Here, Molnar does not contend that New York failed to provide a corrective procedure to redress his alleged Fourth Amendment claim. Indeed, Molnar actually took advantage of New York's procedure for litigating his Fourth Amendment claim, raising it before the trial court at a suppression hearing and then pursuing it on direct appeal. His claim was heard both by the intermediate appellate court and by the highest appellate court in the State.

Moreover, Molnar has not made any allegations that "an unconscionable breakdown" occurred in the existing process in violation of his constitutional rights; rather, he asserts only that the state courts erred in deciding his claim. This, however, is insufficient for purposes of allowing the Fourth Amendment claim to proceed on federal habeas review. See Capellan, 975 F.2d at 71 ("Even if [petitioner] were correct in his allegation that the Appellate Division erroneously decided this issue, a petitioner cannot gain federal review of a fourth amendment claim simply because the federal court may have reached a different result.") (citing Gates, 568 F.2d at 839). The Second Circuit explained that reading Stone v. Powell as requiring the reviewing court "to focus on the correctness of the outcome resulting from the application of adequate state court corrective procedures, rather than on the existence and application of the corrective procedures themselves, . . . would be assuming, implicitly at least, that state courts were not responsible forums in which to bring constitutional claims such as is presented herein." Capellan, 975 F.2d at 71. According to the Second Circuit, Stone v. Powell "expressly discourage[d] [it] from making any such assumption." Id. (citing 428 U.S. at 493-94 n. 35) ("[W]e are unwilling to assume that there now exists a general lack of appropriate sensitivity to constitutional rights in the trial and appellate courts of the several States."). Thus, to the extent that Molnar claims that the state courts erred in their ruling, this does not give this Court the authority to review his claims "since a mere disagreement with the outcome of a state court ruling is not the equivalent of an unconscionable breakdown in the state's corrective process."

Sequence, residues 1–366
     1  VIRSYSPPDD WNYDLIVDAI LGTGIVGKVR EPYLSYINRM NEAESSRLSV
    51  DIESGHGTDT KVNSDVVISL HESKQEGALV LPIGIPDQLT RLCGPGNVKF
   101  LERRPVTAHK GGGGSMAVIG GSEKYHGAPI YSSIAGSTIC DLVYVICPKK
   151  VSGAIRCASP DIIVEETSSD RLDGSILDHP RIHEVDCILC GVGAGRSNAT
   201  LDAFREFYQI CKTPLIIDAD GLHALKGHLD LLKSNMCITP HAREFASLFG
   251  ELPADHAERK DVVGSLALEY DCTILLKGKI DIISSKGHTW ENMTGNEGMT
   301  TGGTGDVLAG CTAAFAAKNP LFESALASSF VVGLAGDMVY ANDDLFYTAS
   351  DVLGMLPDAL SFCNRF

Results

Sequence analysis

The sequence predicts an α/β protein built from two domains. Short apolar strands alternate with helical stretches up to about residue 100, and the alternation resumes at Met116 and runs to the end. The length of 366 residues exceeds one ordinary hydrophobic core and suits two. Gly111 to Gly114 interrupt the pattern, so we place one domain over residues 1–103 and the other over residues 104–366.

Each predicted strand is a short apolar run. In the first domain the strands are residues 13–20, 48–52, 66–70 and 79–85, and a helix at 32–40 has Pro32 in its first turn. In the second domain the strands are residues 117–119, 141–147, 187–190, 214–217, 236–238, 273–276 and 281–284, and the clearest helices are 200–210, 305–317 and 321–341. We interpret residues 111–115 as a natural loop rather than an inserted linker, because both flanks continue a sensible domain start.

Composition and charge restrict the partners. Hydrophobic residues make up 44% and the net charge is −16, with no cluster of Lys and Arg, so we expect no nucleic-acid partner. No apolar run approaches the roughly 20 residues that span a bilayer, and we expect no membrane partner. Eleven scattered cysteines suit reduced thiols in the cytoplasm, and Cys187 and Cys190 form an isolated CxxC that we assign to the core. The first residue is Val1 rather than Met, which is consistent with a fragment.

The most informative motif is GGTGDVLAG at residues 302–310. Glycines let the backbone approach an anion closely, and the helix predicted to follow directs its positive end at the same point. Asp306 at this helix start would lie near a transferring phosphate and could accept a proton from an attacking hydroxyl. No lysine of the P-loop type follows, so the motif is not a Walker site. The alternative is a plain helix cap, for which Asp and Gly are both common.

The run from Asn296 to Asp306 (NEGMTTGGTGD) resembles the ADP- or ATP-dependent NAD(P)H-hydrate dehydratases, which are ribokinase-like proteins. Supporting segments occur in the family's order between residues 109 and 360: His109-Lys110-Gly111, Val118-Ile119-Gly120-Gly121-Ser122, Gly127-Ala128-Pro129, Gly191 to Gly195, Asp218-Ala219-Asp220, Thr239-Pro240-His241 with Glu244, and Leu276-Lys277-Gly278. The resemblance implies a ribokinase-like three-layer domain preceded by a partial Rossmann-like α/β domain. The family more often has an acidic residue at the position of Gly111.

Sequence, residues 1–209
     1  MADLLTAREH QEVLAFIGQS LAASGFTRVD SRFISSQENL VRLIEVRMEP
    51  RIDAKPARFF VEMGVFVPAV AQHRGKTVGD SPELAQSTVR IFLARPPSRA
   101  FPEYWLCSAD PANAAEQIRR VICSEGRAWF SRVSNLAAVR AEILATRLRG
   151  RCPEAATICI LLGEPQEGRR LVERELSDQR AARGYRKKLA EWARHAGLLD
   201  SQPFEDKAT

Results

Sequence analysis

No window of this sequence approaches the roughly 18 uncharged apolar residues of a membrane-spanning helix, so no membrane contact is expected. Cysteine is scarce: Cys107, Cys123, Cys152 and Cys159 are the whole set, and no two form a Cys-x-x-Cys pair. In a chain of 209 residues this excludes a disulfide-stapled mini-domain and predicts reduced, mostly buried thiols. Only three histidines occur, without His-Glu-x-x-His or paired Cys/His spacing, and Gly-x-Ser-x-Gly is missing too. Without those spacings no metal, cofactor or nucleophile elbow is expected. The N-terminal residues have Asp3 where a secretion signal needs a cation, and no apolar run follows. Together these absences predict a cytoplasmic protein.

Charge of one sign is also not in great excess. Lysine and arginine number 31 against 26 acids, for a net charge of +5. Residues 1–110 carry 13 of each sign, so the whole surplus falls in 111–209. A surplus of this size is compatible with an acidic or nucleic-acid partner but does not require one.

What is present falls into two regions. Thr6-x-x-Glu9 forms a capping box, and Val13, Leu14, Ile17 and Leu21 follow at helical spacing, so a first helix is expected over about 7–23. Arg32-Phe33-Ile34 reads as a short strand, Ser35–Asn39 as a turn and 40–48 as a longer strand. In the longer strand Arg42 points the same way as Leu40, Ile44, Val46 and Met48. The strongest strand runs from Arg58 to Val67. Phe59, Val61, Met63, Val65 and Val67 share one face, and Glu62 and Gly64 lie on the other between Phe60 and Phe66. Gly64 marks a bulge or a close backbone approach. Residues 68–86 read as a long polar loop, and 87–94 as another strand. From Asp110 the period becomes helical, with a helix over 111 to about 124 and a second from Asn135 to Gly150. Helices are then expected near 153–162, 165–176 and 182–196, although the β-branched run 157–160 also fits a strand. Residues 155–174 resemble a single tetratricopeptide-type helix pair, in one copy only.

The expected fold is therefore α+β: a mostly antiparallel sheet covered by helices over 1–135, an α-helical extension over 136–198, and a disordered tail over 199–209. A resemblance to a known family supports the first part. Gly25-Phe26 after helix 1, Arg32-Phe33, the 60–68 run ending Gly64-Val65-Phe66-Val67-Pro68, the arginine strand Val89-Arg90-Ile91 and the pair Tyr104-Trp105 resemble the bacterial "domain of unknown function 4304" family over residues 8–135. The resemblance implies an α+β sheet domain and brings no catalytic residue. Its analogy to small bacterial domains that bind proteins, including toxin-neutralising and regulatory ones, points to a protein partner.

Id. Accordingly, Molnar's Fourth Amendment claim is not cognizable in this Federal habeas ...